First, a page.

The waxed to the max syndrome generational shift applies to women too. The commercially driven cultural abhorrence of female body and pubic hair may, at times, be linked to complex and more ominous symptoms and demands on females to appear pre-pubescent.

There's a bit of blowback on the no-hair front. Consider the defiant Bonds "Join the Queendom" advertising campaign running in electronic and print media. It's the pits. Armpits that is. Hairy ones. Perfectly natural.

The ad is filmed in a forest that could well be the scenic backdrop to Reynolds' perhaps most memorable film role in the hair-raising and menacing, Deliverance, based on the novel by James Dickey.

But that's where any similarity ends.

Join the Queendom. It's the armpits!

Deliverance premiered three months after the Cosmo centrefold uproar had exploded, and brought Reynolds more high-velocity publicity and notoriety.

When Gurley Brown commissioned Francesco Scavullo's centrefold, she did for Burt Reynolds what Tina Brown's Vanity Fair cover by Annie Leibovitz did decades later in 1991 for a controversial naked "full with child" photo of actress, Demi Moore, since emulated many times, more recently and famously, by Serena Williams.


Meanwhile, back in Terra Australis, in '72, Kerry Packer's Australian Consolidated Press was vying to buy the rights to publish an Australian edition of Cosmopolitan from the Hearst Corporation, founded by legendary media baron William Randolph Hearst.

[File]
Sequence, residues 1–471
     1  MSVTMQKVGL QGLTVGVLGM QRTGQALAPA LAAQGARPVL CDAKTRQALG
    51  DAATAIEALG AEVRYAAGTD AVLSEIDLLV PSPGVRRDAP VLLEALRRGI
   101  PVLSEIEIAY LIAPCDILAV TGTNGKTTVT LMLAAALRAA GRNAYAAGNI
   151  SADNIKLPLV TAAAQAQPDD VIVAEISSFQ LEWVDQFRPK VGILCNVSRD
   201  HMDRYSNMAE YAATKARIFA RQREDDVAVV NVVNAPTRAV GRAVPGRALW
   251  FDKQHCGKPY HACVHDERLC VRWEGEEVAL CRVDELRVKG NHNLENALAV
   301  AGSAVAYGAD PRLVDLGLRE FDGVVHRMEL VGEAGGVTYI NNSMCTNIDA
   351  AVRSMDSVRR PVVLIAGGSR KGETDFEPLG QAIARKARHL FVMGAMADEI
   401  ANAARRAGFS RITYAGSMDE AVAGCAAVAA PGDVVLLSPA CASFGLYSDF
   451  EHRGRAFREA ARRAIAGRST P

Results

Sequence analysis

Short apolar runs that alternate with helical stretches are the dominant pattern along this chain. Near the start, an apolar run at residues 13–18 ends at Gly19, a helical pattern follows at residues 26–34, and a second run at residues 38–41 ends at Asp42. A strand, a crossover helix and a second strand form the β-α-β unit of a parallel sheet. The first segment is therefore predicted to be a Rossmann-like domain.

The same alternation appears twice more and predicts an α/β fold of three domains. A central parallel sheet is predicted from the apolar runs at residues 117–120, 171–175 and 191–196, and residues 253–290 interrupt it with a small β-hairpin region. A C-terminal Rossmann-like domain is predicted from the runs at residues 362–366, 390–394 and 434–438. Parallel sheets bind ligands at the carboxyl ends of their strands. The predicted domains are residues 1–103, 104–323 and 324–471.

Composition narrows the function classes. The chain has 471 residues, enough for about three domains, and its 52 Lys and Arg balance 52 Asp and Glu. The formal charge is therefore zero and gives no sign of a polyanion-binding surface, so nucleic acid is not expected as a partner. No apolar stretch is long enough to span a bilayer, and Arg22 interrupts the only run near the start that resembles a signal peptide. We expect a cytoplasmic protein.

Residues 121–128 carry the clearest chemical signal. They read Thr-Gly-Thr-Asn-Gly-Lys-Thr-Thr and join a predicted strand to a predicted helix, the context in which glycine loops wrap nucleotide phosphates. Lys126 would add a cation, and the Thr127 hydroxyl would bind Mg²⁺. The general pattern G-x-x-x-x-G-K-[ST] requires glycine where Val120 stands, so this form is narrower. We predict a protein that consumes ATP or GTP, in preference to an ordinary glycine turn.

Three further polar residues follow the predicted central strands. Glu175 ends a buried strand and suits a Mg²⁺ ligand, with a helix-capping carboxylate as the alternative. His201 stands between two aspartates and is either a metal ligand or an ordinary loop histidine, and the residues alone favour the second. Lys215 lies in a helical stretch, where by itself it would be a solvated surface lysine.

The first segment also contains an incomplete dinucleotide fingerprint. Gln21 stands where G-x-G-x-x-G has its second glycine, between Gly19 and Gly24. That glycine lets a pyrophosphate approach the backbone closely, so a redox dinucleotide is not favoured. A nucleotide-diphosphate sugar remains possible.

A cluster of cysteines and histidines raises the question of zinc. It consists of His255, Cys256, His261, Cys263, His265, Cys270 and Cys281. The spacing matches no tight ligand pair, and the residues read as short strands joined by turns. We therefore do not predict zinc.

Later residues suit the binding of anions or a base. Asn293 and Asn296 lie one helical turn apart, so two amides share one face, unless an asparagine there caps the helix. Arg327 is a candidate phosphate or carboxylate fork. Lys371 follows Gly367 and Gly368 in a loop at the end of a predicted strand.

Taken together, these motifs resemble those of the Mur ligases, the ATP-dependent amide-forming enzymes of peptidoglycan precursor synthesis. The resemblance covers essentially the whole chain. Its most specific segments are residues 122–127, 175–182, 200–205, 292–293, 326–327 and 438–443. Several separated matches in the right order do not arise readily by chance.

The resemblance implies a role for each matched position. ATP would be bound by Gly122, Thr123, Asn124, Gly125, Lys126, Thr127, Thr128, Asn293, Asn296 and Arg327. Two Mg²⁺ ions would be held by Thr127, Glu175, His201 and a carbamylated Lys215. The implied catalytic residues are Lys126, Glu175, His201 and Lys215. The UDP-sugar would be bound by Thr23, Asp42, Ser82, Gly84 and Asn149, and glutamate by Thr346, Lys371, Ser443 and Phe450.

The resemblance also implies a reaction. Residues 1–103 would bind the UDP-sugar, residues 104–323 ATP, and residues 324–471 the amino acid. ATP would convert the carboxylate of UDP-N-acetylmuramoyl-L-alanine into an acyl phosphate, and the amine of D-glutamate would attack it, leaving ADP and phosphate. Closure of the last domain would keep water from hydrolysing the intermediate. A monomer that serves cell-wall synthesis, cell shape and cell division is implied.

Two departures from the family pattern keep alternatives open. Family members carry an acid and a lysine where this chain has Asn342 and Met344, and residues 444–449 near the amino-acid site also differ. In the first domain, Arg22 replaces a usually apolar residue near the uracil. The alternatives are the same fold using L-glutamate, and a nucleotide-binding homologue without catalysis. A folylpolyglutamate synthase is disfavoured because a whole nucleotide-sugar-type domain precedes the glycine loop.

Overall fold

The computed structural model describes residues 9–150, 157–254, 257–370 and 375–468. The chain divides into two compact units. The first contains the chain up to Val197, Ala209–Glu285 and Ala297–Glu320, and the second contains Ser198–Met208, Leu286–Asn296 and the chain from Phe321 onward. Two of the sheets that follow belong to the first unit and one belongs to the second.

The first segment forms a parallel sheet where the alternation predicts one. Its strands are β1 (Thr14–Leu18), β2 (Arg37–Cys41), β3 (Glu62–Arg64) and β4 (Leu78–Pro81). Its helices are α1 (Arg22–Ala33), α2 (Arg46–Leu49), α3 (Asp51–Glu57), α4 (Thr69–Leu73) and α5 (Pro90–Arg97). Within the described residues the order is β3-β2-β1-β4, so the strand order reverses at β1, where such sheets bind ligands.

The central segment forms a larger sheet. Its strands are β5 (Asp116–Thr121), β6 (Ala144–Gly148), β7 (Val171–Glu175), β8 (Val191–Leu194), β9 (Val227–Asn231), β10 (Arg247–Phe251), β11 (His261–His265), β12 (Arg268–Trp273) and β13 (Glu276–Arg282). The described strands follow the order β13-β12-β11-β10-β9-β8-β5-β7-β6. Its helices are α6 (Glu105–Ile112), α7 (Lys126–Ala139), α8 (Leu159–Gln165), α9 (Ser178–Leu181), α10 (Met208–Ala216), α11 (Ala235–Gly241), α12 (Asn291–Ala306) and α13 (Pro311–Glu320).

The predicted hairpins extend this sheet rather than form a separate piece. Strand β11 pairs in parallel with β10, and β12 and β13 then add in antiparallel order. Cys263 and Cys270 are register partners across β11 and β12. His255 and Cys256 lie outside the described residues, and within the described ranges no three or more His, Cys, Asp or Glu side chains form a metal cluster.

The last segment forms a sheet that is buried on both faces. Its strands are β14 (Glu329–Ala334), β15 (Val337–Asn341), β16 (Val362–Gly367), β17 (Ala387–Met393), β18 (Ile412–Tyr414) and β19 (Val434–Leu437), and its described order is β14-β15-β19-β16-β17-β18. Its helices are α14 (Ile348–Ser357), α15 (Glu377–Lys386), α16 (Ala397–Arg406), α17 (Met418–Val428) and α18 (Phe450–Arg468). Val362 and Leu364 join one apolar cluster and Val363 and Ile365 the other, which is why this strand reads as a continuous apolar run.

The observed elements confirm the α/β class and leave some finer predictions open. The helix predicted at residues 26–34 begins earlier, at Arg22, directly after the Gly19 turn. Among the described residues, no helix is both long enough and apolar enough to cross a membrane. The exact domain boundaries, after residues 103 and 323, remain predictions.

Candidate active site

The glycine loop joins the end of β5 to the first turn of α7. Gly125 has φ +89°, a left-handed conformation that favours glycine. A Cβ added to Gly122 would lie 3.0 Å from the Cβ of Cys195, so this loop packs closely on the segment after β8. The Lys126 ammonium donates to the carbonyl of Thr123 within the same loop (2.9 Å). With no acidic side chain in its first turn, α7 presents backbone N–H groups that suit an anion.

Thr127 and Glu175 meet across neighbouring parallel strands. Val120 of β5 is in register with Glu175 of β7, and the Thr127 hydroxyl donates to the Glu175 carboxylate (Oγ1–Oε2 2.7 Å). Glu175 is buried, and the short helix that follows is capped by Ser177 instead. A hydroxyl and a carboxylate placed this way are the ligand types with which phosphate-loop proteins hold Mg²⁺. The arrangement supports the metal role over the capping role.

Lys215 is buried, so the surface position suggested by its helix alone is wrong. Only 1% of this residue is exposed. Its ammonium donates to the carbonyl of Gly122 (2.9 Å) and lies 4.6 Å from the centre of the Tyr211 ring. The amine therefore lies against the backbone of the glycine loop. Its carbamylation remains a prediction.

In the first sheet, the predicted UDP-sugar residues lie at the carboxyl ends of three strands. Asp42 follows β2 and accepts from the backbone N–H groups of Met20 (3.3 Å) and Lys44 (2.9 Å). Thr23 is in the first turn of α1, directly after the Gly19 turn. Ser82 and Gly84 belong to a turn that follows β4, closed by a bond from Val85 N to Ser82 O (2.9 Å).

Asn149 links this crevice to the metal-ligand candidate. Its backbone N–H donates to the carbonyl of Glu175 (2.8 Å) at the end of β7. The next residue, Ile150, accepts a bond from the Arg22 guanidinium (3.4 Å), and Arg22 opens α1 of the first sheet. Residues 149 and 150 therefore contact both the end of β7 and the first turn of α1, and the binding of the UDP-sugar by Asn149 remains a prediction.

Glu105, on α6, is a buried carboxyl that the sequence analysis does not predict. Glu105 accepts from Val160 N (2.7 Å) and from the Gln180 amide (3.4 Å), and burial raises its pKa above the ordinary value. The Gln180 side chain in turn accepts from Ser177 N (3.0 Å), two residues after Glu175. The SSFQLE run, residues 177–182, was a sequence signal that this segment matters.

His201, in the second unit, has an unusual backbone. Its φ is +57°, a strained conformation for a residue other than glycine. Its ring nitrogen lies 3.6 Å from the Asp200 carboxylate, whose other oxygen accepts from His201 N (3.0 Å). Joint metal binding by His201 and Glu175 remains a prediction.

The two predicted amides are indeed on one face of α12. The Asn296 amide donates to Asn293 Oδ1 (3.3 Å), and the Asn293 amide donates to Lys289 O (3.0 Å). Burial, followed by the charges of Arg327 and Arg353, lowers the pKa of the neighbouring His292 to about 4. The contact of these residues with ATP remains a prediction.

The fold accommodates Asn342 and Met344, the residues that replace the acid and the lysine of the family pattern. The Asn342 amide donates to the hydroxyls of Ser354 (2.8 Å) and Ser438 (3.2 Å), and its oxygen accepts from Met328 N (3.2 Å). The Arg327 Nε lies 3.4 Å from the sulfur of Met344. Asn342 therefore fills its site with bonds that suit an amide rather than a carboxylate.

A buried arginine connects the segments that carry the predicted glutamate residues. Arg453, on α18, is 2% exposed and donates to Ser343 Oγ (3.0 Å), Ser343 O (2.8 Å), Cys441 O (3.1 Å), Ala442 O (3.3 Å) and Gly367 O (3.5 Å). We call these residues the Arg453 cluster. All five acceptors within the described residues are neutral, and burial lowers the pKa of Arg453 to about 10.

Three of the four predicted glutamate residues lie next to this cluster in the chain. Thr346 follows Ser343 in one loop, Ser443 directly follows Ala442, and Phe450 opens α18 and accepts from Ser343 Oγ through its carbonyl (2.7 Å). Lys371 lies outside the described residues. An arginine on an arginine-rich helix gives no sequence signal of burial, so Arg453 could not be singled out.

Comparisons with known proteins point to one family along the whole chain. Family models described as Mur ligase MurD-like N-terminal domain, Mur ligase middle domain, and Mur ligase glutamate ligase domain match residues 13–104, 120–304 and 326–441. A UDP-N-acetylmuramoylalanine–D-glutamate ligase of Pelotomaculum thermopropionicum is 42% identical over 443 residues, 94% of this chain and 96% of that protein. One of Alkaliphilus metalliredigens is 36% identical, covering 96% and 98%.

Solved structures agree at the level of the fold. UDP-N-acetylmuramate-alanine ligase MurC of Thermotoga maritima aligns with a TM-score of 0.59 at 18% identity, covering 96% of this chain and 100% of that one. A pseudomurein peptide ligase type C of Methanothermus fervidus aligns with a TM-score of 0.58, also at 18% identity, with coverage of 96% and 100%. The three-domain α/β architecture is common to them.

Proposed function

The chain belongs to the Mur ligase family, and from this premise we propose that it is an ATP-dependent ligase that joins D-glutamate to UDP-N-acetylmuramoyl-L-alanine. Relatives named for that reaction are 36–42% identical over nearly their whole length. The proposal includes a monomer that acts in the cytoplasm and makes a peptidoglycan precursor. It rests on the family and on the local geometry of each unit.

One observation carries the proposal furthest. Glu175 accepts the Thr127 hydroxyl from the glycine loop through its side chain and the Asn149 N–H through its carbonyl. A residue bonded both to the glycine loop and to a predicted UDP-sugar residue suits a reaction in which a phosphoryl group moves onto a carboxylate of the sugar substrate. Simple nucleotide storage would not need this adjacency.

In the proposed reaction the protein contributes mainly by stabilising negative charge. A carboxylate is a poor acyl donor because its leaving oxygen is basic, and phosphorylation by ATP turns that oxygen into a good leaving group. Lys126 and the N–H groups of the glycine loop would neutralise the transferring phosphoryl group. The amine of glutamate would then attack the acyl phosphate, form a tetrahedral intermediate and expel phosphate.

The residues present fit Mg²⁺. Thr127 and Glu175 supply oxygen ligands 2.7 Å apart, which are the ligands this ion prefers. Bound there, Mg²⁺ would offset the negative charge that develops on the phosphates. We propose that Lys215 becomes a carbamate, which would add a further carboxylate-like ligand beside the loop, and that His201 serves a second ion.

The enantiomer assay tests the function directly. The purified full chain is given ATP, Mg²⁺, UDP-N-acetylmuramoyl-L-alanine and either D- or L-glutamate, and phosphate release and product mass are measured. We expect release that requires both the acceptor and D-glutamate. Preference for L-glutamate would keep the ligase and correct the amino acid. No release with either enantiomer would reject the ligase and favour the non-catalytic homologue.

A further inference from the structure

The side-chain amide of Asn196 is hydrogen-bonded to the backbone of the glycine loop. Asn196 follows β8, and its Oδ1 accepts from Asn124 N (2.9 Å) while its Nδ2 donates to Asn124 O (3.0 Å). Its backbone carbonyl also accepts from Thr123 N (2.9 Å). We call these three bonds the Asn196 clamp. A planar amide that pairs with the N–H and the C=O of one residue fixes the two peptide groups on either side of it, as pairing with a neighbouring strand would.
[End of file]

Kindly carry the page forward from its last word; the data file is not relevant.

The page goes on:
Gurley Brown had made Cosmopolitan hot property and competition to have a slice of the brand's action was even hotter.

However, ACP was pipped at the post by rivals Fairfax/Sungravure, so the formidable media savvy Ita Buttrose and Kerry Packer outfoxed them by rushing to press a brand new magazine called Cleo. 

What is more, they brought out the first edition in November 1972, the same year. Bella mossa!


And ta-da! They also ripped off Gurley Brown's nude centrefold idea and quickly undressed actor Jack Thompson and threw him into that first edition before the ink on the hapless Fairfax contract with Hearst was barely dry. Such chutzpah!

We rarely see such audacious media manoeuvres these days. And sadly, Fairfax management continues its pattern to move with the stealth of a museum dinosaur, selling off its own body parts even as I land the Tardis back home. No emissions.

Jack Thompson in Cosmo You can see the pubes (Screenshot via Studio 10 / Facebook)

The similarity between the Cosmo and Cleo centrefolds is obvious. Jack, whom I have had the pleasure of interviewing, has more pubes showing than Burt. And Michelangelo's Adam for that matter, whom God has clearly manscaped.

In both magazines, the publication of the centrefold certainly caused international and local ructions, and a major shift in media and community attitudes reflected in today's popular cultural environment — although, as always, controversy continues over what is deemed appropriate.

Like Cosmopolitan's first centrefold with Reynolds, Cleo's first centrefold with Thompson, photographed by Viv Jenkins, proved sensational sellouts.

Fairfax was furious but hey, first in, best undressed.